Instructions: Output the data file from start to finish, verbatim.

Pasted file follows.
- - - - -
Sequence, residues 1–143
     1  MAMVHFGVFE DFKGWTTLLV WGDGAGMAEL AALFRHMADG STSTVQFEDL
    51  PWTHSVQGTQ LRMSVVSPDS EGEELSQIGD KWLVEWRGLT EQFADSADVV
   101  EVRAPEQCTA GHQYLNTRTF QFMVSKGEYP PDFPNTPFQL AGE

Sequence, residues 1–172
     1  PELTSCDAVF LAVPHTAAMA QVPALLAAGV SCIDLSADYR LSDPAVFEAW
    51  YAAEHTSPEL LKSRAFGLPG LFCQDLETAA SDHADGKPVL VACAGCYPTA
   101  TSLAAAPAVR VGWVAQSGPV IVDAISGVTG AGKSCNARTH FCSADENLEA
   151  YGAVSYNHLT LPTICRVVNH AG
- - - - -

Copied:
Sequence, residues 1–143
     1  MAMVHFGVFE DFKGWTTLLV WGDGAGMAEL AALFRHMADG STSTVQFEDL
    51  PWTHSVQGTQ LRMSVVSPDS EGEELSQIGD KWLVEWRGLT EQFADSADVV
   101  EVRAPEQCTA GHQYLNTRTF QFMVSKGEYP PDFPNTPFQL AGE

Sequence, residues 1–172
     1  PELTSCDAVF LAVPHTAAMA QVPALLAAGV SCIDLSADYR LSDPAVFEAW
    51  YAAEHTSPEL LKSRAFGLPG LFCQDLETAA SDHADGKPVL VACAGCYPTA
   101  TSLAAAPAVR VGWVAQSGPV IVDAISGVTG AGKSCNARTH FCSADENLEA
   151  YGAVSYNHLT LPTICRVVNH AG